“The sleep of reason produces monsters.” These words can be found in an etching by Francisco Goya of a young man asleep, slumped over a table as a horde of wide-eyed and shadowy creatures bear down upon him. This nightmarish image is reproduced at the beginning of Two Years Eight Months and Twenty-Eight Nights (or 1,001 nights, that magical number). But Salman Rushdie’s 13th novel, his first for adults in seven years, is not so tidy as monster against human. This is a fairy tale for the modern era, A Thousand and One Nights for the age of reality TV, The Odyssey in the time of Disney World.
Rushdie’s jinn are mischievous, lascivious creatures, made of “smokeless fire” and generally disinterested in unfortunate human concerns about right and wrong. But the line between the human and jinn worlds is crossed when the jinnia princess Dunia presents herself at the door of the disgraced 12th-century philosopher Ibn Rushd. Dunia has fallen in love with his mind and so bears his many children, descendants now part human and part jinn, all with the distinguishable trait of lobeless ears.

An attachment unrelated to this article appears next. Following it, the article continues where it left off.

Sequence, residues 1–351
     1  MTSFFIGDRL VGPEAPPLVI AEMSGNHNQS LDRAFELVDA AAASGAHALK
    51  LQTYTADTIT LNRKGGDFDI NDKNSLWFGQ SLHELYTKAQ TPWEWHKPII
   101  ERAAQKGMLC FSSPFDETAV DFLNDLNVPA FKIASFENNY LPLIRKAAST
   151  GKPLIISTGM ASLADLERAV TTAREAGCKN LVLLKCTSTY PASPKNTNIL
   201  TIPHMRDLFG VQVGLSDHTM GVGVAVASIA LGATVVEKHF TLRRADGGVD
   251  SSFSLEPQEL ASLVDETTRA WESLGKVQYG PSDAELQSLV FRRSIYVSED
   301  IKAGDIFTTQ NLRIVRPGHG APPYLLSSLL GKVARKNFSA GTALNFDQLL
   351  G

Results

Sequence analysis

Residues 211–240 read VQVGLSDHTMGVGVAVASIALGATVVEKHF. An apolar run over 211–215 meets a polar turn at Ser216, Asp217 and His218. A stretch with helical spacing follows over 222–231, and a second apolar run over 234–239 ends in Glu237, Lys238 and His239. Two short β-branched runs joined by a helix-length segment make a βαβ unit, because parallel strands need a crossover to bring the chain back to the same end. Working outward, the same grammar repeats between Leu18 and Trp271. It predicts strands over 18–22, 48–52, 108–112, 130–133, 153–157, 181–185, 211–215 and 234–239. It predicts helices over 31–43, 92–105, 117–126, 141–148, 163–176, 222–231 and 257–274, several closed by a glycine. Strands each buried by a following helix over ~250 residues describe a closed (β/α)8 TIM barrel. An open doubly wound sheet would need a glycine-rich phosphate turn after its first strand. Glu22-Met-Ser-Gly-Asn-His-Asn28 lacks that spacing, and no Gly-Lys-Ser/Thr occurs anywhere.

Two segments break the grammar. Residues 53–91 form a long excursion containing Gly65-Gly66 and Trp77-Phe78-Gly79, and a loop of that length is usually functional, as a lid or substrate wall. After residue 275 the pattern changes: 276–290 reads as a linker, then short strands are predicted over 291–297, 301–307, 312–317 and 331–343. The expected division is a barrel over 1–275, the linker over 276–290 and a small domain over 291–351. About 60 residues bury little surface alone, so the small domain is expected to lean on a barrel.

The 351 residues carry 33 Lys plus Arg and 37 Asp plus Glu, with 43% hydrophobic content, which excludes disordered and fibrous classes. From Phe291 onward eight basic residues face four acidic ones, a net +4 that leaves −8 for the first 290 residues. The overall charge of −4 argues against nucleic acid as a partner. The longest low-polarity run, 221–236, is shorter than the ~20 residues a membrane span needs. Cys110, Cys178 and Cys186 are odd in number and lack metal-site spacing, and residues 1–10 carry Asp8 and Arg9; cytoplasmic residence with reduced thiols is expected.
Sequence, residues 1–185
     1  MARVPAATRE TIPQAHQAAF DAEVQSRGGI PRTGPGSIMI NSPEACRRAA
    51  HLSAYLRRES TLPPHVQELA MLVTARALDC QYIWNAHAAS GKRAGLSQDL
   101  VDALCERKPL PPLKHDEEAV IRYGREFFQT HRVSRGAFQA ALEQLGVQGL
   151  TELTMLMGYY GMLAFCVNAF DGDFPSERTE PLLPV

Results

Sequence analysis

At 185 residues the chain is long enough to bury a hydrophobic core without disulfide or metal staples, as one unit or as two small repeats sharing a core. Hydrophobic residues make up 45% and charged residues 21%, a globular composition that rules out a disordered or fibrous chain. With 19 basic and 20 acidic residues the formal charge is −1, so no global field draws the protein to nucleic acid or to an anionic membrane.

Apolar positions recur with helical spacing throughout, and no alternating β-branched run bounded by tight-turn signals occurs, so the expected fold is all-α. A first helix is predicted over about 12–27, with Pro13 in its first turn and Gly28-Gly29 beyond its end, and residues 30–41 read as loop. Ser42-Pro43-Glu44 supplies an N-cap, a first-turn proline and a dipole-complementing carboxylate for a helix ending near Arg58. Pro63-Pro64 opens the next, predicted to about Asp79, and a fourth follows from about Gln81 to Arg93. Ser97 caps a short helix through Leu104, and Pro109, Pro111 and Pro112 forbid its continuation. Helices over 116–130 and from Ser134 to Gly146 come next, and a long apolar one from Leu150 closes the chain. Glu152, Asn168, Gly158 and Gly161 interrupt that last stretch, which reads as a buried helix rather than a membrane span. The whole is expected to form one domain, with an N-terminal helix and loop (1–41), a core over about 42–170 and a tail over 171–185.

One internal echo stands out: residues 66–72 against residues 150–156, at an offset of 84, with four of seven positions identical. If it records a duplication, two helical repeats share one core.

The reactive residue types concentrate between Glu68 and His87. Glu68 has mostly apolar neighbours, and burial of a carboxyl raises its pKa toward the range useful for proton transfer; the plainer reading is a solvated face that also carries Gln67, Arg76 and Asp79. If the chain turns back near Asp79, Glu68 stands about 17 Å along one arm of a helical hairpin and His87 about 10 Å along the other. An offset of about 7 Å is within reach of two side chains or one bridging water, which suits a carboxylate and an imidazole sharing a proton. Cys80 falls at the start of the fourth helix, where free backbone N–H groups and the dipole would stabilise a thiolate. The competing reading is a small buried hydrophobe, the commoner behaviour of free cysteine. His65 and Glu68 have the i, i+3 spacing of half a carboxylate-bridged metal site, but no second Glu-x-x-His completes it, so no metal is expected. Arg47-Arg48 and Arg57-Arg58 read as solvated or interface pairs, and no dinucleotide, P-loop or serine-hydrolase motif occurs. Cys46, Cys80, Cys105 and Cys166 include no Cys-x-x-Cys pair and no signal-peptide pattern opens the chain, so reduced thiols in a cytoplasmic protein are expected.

Leaping centuries forward to the present day, a storm strikes New York City and leaves “strangenesses” in its wake: A gardener finds himself floating a few inches above the ground. An abandoned baby marks the corrupt with boils and rotting flesh. A wormhole opens in a failed graphic novelist’s bedroom. A war of the worlds has begun.
Rushdie spins this action-packed, illusion-filled, madcap wonder of a tale with a wicked, wise fury. It’s a riot of pop culture and humor, with bursts of insight that stop readers dead, only to zip them up again like a jinn flying across the sky. To tell a story about the jinn is to tell a story about ourselves, and this is why we love myth: The contrast of the fantastical allows us to peer at ourselves from a safe distance.
In this boisterous doomsday legend, reality is no longer a given, and what remains is a brilliant, bawdy world where stories are both the knife and the wound.